The breach of the White House by Omar Gonzalez was big news today, as agency Director Julia Pierson took a grilling on the Hill, and back at the White House, Press Secretary Josh Éarnest was asked, several times, when was President Obama informed of how far the fence-jumper got. With the lines I've been given to read between, there's a strong possibility that the Secret Service tried to sell their immediate apprehension story to the White House, as well as the public.
Earnest was asked several times when President Obama was informed that the intruder, who was carrying a pocketknife, made it all the way to the Green Room, and Earnest refused to say, replying only that the president was "updated" several times over the past week-ans-a-half, including an in-person briefing by Director Pierson on Thursday, and repeated;y citing the ongoing review. He also talked about the "chaos" surrounding the incident, but this particular piece of information isn't susceptible to some kind of Rashomon effect, this is something that was knowable almost immediately.
Toward the end of the briefing, I asked Earnest when he, personally, learned just how deeply Gonzalez had penetrated the White House. What I got was the answer to some question being asked by Tommy Christopher with a beard in some alternate universe:
Tommy Christopher: When did you find out that the intruder had not been apprehended just inside the North Portico?
Josh Earnest: Tommy, as I have said, a couple of times now, I did have a couple of conversations with White House staff, and with Secret Service, and what I have done in the context of these briefings is to try to convey to all of you our confidence in the ability of the Secret Service to conduct an investigation that would get to the bottom of what exactly happened, and to implement reforms to ensure that it will never happen again. The president is looking forward to reviewing the report when it is completed.
Short version: "Squirrel!"
Earnest's problem is that there really is no right answer to that question, because if he knew about it before yesterday, then he's on the hook for not telling us, and if he didn't, then he's throwing the Secret Service under the bus. Either scenario could be chalked up to the dynamic I described in my follow-up, that it is essential to the President's safety that everyone have confidence in the Secret Service. If a sword is ever to be taken, it will be fallen on, not cut from above.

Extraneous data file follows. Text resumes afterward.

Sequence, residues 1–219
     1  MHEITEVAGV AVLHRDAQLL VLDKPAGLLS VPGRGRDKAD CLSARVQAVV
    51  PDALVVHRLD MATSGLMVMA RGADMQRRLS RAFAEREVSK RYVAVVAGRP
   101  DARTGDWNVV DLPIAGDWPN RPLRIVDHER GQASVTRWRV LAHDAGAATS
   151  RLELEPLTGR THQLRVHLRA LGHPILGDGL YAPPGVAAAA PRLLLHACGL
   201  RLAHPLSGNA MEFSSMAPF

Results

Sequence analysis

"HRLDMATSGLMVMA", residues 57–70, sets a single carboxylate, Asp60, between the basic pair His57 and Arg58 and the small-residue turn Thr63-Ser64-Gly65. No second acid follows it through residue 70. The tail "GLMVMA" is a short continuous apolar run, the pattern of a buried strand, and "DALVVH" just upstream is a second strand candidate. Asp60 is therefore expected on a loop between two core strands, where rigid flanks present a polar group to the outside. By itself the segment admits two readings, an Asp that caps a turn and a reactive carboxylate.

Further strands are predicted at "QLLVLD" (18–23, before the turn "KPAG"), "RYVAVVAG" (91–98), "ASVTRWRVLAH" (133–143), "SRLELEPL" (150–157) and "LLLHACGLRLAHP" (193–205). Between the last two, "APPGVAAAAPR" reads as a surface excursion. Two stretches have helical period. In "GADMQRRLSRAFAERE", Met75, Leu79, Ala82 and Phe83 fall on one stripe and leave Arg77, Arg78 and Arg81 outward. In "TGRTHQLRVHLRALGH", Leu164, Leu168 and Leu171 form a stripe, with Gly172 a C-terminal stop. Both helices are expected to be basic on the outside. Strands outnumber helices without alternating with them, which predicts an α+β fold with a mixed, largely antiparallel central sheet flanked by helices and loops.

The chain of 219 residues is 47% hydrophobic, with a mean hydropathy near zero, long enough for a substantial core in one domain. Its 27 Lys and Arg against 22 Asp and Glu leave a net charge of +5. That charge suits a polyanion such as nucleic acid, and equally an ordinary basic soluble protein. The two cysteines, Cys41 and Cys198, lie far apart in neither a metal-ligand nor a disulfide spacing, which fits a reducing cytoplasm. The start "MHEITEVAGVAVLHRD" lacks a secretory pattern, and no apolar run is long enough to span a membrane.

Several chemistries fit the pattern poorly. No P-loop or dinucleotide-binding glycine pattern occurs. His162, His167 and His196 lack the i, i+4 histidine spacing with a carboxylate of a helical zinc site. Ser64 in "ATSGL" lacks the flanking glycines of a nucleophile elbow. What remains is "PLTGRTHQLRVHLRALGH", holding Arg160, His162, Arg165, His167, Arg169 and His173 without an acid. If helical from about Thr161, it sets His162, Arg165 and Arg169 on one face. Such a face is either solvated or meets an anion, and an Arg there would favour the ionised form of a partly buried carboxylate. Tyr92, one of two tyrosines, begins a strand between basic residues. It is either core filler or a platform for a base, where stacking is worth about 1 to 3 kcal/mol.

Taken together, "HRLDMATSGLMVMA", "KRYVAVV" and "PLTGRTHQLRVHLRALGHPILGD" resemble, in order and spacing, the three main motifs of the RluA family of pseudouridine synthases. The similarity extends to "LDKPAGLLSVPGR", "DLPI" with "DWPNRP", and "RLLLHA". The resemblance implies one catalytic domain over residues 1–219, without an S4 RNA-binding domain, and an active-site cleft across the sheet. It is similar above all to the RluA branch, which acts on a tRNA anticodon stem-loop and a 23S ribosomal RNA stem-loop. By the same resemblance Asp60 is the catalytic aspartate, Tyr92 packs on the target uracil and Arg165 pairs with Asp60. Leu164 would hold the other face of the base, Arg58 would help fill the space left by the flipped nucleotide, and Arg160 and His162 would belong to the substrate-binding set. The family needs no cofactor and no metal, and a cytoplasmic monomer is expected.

However, the immediate reaction around the White House leads me to believe that this was not a case of sticking to a story to calm the public, and it wasn't some fog of war. Shortly after the Washington Post story broke yesterday, the firs fallback was that no one from Secret Service or the White House had actually said Gonzalez was apprehended "just inside" the North Portico. This thin defense relied on the ambiguous wording of the Secret Service's initial press release on the incident, which said Gonzalez "was physically apprehended after entering the White House North Portico doors."
This is accurate in the same way that saying he was physically apprehended after the fall of the Soviet Union is accurate. It was clear that this line was coming from Secret Service, and while super-thin, it was something. White House officials were surprised to learn that WaPohad cited Secret Service spokesman Edwin Donovan saying just that:
The man, who was not armed, was arrested just inside the doors, Secret Service spokesman Edwin Donovan said.
Still, it wasn't a direct quote, and Donovan could have claimed he was misunderstood, but according to a White House official, Donovan acknowledges he said it, and that "it was the best information available to him at the time he made this statement."
We may never know, again, because public confidence in the Secret Service is so important, but I can't imagine the White House trying to sell that to begin with, and not if they had sufficient time to check it. If that's the case, then Secret Service sold it to them, and that's a breach of trust that's impossible to overlook.